There have been several attempts, including one in the pipeline, to reinvigorate the joyful Jet Set Radio (Jet Grind Radio in North America). It was initially re-released on Xbox, but clearly lacked the care and attention of the Dreamcast incarnation as it suffered from a frustrating camera issues and less mission direction than previously.
This evidently led to its low sales and mainstream indifference. Since then it has been relegated to “Sega Classics”, available as a badly maintained Android app. Sega teased us with promise of a re-release on Xbox 360, but revealed it would be available on Xbox Live Arcade, sitting on the shelf with enjoyable but one-dimensional games such as Bejewelled and Pac-man.
Jet Set Radio’s cel-shading would be a refreshing alternative to modern graphics, and it’s fast and furious gameplay allowing for a very different gaming experience to the current norm. A lot of gamers in the modern sphere are disgruntled by the trend of cinematic gaming. Games aren’t necessarily meant to be choose-your-own-adventure Hollywood flicks, but should represent a different platform for storytelling and entertainment.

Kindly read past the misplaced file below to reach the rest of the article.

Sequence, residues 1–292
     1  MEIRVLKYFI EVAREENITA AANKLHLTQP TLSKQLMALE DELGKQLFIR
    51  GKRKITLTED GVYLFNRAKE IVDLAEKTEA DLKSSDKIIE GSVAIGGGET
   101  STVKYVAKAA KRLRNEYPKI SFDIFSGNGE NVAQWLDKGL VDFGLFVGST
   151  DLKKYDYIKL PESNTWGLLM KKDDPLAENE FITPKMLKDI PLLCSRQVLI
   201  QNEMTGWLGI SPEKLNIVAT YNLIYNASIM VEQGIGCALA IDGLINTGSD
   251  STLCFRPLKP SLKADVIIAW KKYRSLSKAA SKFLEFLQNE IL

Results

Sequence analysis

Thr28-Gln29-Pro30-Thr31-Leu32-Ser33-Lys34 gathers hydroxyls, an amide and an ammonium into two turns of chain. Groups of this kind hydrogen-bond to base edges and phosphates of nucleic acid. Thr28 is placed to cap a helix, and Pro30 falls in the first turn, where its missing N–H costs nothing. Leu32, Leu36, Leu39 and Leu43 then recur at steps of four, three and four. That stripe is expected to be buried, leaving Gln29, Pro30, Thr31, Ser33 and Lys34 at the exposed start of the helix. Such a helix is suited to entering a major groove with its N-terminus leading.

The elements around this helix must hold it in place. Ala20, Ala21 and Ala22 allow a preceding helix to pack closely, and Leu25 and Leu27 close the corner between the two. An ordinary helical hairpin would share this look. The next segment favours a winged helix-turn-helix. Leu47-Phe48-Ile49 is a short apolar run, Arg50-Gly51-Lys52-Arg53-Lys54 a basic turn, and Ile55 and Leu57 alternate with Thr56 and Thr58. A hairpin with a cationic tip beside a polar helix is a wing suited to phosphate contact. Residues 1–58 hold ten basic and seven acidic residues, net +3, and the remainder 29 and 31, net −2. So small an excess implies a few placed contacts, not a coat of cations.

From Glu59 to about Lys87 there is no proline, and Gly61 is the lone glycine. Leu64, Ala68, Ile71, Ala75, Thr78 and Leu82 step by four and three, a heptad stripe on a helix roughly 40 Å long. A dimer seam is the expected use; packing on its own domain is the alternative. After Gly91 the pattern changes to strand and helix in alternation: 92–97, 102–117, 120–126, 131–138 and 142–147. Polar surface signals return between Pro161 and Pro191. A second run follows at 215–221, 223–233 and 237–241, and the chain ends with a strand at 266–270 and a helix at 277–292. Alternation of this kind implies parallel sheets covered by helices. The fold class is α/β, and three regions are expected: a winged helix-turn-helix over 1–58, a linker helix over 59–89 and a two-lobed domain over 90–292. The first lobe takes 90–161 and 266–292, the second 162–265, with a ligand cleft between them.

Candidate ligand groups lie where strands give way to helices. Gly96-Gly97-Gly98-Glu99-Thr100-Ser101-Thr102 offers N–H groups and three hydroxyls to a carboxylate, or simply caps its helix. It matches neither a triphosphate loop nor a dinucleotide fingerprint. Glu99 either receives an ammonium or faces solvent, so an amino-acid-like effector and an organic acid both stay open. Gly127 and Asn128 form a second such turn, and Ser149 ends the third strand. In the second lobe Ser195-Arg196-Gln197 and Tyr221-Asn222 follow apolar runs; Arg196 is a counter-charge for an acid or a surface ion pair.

Jet Set Radio is mildly reminiscent of arcade games only in the sense that it allows the player to select from a variety of characters for each level, but apart from that it is a far cry from the linear platform of the majority of arcade games. The Dreamcast edition offered a solid story with over-arching enemies and themes, as well as the option for free-play and separate challenges allowing for an open world as well as a constructed plot. Much like Ecco the Dolphin, part of Jet Set Radio’s charm is the fact that it is so different from other games on the market. In a climate where Tony Hawk’s Pro Skater was the (great, but boring after a while) norm, Jet Set Radio took the skating genre and coloured it with surprisingly political overtones, enhanced aesthetically by the captivating graphic style and the catchiest soundtrack in gaming.
1. Shenmue (1, 2, & 3)
Ah, Shenmue. The game that bred a million RPG fans, it was a game that helped to mould the RPG that we see today. Shenmue was an open-world masterpiece that permitted the player to root around in drawers, buy trinkets, and interact with a wealth of AI characters multiple times without having the same stock line thrown in their face. Not only this, but Shenmue offered a cinematic dream of a story. The player first comes into the game behind Ryo Hazuki, who comes home in the middle of his father’s murder and the robbery of a mysterious artefact from his home.